Michigan to get $16.3 million from feds to build electric vehicle chargers

Riley Beggin
The Detroit News

Washington — Michigan is expected to receive $16.3 million to build electric vehicle chargers, the Biden administration announced Thursday. 

It's the first round out of nearly $5 billion in formula funding over five years to build a nationwide network of DC fast chargers, approved as a part of the new bipartisan infrastructure law. Michigan is expected to receive $110 million in total over the course of the program. 

Officials expect the funding to hit state coffers in August or September, after state spending plans are approved by federal officials . 

The chargers should be primarily along "alternative fuel corridors" designated by the Federal Highway Administration that can quickly accommodate chargers.

In Michigan, U.S. 131 between Kalamazoo and Petoskey, I-96 between Muskegon and Detroit, I-194 between Gary, Indiana, and Detroit, and portions of I-69 between Lansing and Flint and I-75 between Pontiac and Detroit are among the highways that are considered ready corridors.

"We already know that EVs are the future. The auto industry is headed there, consumers are increasingly headed there," Transportation Secretary Pete Buttigieg said Thursday. 

But he said it's still not clear whether the shift will happen quickly enough to adequately combat climate change, whether American companies will lead the future market, and whether consumers will be able to reap the benefits of EVs regardless of where they live. 

"Those things will not happen on their own, but they will happen with our action," Buttigieg said. "And make no mistake, the benefits are enormous."

Building along highways is intended to help reduce range anxiety for consumers and to reach rural and other underserved areas, officials said. There are no alternative fuel corridors in Michigan's Upper Peninsula, though Transportation Department officials said they would begin accepting nominations for new fuel corridors Thursday. 

Once chargers are built along the corridors, officials say states will be able to focus funds on charging projects in cities, near apartment buildings, and other areas not aimed at long-distance drives. 

The funding can be used only for EV charging, rather than fuels such as hydrogen, propane and natural gas. Installation, operation and maintenance, traffic control, signage and other types of projects may qualify.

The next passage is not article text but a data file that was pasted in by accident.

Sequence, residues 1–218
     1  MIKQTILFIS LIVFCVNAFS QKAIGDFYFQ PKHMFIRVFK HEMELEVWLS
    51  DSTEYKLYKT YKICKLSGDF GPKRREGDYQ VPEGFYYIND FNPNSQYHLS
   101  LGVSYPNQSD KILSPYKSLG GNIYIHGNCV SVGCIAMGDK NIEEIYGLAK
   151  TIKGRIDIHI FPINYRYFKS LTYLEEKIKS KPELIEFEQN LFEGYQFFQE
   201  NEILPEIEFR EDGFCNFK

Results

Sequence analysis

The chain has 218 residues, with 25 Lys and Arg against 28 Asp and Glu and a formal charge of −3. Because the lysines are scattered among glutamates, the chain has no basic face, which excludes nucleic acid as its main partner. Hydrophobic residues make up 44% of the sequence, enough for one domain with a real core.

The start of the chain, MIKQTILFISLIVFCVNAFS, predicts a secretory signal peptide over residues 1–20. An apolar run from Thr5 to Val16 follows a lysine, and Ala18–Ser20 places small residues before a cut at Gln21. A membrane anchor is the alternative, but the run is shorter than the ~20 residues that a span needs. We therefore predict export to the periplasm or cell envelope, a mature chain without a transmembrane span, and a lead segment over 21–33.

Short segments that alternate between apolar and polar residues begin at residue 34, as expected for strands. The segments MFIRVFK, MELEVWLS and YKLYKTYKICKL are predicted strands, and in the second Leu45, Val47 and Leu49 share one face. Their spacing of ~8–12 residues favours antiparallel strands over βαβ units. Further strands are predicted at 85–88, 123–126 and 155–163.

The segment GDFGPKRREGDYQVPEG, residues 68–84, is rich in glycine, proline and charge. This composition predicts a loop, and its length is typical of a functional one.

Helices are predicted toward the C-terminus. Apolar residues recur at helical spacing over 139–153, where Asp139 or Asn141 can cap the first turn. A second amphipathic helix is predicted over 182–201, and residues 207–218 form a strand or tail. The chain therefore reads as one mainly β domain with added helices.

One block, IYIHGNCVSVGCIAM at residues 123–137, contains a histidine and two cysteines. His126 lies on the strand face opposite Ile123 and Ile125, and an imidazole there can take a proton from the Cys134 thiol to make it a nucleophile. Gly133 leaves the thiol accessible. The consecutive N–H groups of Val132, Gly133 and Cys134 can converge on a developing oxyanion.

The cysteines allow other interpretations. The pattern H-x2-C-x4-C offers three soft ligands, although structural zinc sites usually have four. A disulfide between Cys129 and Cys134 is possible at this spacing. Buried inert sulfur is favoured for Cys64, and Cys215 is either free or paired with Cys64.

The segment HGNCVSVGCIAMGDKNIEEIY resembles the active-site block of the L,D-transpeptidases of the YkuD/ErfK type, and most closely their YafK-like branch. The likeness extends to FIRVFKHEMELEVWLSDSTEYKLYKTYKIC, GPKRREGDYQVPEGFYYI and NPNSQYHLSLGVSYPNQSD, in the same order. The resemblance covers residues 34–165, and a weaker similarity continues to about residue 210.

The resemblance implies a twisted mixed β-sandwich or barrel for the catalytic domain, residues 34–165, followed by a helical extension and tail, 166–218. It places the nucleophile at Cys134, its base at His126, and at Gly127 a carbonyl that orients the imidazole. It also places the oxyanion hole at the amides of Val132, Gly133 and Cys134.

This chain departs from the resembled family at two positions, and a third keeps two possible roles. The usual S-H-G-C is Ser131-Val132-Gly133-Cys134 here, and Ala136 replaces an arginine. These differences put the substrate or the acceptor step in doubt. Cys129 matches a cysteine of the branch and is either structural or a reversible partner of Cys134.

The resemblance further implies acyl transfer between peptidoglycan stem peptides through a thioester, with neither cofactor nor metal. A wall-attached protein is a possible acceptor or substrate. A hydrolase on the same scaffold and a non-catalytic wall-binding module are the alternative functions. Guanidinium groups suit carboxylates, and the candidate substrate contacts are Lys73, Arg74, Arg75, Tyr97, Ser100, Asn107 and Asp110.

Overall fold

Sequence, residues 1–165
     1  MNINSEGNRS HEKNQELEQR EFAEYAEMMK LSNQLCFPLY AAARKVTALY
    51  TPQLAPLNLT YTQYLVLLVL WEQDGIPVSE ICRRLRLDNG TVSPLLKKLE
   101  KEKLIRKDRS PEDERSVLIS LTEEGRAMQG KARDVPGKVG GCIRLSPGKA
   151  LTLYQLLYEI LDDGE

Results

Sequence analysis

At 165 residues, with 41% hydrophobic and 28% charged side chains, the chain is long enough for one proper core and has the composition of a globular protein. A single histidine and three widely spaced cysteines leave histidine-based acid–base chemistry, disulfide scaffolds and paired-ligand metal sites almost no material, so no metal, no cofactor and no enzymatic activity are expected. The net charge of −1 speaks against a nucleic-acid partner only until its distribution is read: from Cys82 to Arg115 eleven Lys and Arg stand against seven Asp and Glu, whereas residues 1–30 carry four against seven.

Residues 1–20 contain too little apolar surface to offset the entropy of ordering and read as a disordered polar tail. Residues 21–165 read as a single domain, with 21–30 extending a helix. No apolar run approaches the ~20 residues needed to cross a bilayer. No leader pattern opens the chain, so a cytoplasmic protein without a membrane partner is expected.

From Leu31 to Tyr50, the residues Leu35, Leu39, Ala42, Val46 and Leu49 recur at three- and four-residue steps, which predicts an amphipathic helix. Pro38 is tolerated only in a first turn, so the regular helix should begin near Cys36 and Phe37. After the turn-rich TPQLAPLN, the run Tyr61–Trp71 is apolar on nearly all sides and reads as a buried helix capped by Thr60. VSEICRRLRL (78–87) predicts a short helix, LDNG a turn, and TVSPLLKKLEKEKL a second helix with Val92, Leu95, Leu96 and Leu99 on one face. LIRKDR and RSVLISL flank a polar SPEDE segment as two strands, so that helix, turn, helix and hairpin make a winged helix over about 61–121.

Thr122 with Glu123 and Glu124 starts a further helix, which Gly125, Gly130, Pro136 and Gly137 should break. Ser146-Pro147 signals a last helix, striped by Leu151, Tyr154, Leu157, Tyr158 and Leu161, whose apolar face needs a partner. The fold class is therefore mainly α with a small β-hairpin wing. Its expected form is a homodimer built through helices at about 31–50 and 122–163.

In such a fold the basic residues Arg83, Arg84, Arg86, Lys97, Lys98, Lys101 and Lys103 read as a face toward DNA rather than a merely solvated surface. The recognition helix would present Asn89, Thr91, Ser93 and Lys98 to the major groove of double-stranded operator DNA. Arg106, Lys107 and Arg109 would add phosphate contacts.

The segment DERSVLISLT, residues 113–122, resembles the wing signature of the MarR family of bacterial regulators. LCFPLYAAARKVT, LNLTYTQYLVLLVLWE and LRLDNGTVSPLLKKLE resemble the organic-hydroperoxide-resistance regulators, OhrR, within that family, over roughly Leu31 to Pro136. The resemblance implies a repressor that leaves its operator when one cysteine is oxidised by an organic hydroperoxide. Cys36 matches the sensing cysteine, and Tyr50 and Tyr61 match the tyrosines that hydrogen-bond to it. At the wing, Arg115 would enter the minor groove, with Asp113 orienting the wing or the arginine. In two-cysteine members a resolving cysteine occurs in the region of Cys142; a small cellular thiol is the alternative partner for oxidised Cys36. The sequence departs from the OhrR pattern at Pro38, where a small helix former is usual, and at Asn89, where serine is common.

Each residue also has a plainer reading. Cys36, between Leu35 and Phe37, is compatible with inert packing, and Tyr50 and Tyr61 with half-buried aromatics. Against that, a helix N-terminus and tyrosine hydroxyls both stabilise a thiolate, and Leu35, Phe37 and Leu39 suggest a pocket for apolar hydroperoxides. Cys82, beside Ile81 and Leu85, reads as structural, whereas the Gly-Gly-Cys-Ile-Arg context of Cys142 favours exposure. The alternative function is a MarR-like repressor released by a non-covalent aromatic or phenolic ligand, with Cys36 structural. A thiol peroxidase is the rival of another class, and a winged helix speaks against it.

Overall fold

The other $2.5 billion for EV charging approved through the infrastructure bill — which can be used for EVs and other alternative fuels — will be doled out through a competitive grant program aimed at increasing access to charging in rural and underserved areas, the officials said. 

At least 40% of the benefits of the EV investments must go to disadvantaged communities, according to the Transportation Department, but not necessarily 40% of the chargers themselves. 

The administration will issue guidance advising states on other requirements for the chargers, including the required distance between chargers — up to 50 miles apart, with exceptions — what types of connectors must be available and more. 

The charger funding is a part of President Joe Biden's plan to roll out 500,000 electric vehicle charging stations by 2030.

The infrastructure law requires states to pay 20% of the projects funded through the federal program, and officials anticipate the funding will incentivize more private-sector investment in charging as demand grows. 

Wedbush Securities estimates it will take around $60 billion to reach Biden's goal. Administration officials said the $7.5 billion to be allocated in the next few years represents "a significant down payment" on building the system. 

Automakers, environmental groups and Michigan Democrats praised the announcement Thursday. Rep. Dan Kildee, D-Flint Township, said the state's 769 public EV chargers are "a fraction of what's needed to meet anticipated demand."

Sen. Debbie Stabenow, D-Lansing, said in a statement that EVs "are a key part of our clean energy future" and will help consumers pay less for gas. 

"But you can’t drive one without access to convenient charging stations," she said. "This investment will help make sure we have public charging stations across Michigan so that it’s easier for people to drive the electric vehicles being made here in Michigan.”

Auto companies are rapidly moving toward electrification. The Alliance for Automotive Innovation, which represents most major automakers producing cars in the U.S., says the industry has plans to invest $330 billion in electrification by 2025. 

Alliance CEO John Bozzella called the administration's EV announcement Thursday "a once-in-a-generation opportunity to jumpstart building a nationwide charging and refueling network for EVs."

Ford Motor Co. Chief Policy Officer Steven Croley said in a statement Thursday that the Dearborn automaker applauds the EV charging initiative, "which will help speed the transition to a zero-emissions transportation future, create good American jobs, and avoid the worst effects of climate change."


Twitter: @rbeggin